The Unifying Power of Moving Pictures in Late Medieval and Renaissance Umbria
RIHOUET, PASCALE (BROWN UNIVERSITY)
Phd Thesis, Brown University (PROVIDENCE, RHODE ISLAND, (MAY 2008)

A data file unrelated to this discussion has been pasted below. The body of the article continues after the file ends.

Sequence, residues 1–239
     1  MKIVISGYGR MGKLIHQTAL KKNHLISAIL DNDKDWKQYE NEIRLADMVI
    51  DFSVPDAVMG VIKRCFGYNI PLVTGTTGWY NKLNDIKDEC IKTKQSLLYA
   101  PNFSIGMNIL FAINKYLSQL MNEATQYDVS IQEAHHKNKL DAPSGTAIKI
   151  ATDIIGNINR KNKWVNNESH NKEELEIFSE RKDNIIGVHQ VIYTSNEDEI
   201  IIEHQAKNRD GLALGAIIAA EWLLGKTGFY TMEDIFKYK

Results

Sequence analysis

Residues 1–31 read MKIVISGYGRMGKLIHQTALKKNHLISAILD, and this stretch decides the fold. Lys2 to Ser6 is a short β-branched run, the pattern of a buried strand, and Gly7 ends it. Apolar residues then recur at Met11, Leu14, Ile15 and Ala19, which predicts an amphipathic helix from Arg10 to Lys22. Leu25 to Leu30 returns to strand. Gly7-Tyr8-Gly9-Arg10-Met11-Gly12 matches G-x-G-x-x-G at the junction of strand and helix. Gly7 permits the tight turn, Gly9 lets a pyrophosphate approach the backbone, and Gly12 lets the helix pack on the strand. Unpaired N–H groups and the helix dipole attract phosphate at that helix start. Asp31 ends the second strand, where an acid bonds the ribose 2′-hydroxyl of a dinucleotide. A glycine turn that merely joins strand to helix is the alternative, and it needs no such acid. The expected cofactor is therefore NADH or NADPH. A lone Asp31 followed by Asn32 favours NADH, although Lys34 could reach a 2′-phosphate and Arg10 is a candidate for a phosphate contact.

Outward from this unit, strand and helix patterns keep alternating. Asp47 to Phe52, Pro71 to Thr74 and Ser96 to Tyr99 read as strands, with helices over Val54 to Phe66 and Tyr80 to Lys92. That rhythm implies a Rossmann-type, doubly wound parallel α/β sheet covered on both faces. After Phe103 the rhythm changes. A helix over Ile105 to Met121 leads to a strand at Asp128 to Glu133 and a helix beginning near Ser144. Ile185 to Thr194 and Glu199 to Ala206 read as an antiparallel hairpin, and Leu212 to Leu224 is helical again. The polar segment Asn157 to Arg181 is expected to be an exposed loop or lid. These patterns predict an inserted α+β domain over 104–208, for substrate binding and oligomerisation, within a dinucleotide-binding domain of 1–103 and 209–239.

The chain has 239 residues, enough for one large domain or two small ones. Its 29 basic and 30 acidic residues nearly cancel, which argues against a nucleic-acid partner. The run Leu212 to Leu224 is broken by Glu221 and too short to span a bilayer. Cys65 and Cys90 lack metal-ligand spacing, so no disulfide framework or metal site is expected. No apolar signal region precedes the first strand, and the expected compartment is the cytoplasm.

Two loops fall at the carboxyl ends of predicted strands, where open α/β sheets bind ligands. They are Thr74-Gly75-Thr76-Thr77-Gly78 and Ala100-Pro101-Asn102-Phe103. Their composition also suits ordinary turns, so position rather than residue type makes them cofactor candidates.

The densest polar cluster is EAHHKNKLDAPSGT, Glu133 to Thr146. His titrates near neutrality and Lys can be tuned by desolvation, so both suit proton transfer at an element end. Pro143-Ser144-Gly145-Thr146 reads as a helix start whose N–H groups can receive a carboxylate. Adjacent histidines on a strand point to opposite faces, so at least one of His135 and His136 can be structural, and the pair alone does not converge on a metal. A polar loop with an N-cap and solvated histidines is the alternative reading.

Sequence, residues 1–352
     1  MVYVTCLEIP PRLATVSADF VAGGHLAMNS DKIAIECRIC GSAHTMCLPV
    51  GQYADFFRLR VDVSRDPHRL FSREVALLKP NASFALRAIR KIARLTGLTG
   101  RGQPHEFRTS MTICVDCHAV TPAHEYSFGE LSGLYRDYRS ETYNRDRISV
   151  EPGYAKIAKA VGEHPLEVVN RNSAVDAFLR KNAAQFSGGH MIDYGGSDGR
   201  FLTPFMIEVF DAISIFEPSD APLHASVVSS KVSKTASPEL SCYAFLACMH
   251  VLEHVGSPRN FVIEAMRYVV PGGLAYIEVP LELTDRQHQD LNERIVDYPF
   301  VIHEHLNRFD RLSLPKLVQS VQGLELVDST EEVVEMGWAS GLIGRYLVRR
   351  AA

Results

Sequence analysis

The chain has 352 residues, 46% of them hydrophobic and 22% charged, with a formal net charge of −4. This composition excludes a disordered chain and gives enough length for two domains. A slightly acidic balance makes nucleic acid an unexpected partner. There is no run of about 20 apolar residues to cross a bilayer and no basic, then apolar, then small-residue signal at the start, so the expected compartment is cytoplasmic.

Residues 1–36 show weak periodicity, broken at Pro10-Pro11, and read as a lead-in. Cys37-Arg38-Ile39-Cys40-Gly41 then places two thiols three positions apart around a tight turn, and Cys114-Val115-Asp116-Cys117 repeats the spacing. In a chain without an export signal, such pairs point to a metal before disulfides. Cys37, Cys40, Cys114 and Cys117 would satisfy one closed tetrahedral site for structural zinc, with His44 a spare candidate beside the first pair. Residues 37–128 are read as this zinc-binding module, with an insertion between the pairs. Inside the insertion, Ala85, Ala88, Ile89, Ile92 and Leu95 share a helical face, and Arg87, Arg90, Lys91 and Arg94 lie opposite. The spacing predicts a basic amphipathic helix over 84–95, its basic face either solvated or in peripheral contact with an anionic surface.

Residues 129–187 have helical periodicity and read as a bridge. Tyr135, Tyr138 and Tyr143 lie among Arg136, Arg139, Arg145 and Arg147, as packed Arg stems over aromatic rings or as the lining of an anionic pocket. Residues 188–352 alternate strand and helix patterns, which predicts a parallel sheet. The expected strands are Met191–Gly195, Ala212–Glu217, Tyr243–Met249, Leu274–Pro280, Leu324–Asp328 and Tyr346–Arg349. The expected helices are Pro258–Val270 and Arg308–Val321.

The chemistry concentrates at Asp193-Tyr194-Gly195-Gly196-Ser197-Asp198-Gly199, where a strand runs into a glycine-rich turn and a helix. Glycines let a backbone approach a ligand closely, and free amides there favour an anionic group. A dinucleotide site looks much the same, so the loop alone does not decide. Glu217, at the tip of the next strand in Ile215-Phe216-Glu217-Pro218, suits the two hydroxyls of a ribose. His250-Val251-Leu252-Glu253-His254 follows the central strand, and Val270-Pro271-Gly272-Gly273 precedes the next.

Most banners, flags, and other types of portable images, once prestigious signs of identity for the groups that carried them in processions, have disappeared through wear and tear, vandalism, or disinterest in their devotional, aesthetic, or thaumaturgic qualities. Nowadays, extant ―moving pictures‖ can be found in private and public collections, museum storage, or churches, alienated from their original functions. My goal is thus to reconstruct their original settings and their past role in building social cohesion and reinforcing collective ties within a ritual framework in Central Italy (Umbria). My background is the ritual motion of public processions as they were enacted by single groups or the entire civic population, for feast days, funerals, and princely entries during the fourteen-sixteenth centuries. Although anthropologists and sociologists have investigated how ritual works to produce group identity for participants and observers, my contribution lies in stressing the visual components of such rituals and the significance of symbolic representations.